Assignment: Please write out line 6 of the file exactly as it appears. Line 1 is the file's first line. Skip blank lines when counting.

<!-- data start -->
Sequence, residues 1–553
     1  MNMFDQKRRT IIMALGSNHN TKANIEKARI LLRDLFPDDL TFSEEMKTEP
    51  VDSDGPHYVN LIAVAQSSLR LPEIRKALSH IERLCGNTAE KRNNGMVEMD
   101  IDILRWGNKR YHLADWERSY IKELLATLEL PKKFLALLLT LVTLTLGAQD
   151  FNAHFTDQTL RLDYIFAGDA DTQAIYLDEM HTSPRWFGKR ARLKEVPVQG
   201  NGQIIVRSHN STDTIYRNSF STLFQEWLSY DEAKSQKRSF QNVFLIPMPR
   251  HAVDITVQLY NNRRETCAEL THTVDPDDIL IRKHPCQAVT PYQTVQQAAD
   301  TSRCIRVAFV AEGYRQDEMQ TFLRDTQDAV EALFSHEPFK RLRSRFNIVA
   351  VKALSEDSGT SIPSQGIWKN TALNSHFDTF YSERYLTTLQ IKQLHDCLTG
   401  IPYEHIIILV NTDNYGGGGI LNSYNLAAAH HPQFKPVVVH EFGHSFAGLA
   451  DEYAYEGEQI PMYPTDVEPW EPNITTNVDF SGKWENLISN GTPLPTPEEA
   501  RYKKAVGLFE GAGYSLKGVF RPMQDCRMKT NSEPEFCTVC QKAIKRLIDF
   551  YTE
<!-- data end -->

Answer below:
   201  NGQIIVRSHN STDTIYRNSF STLFQEWLSY DEAKSQKRSF QNVFLIPMPR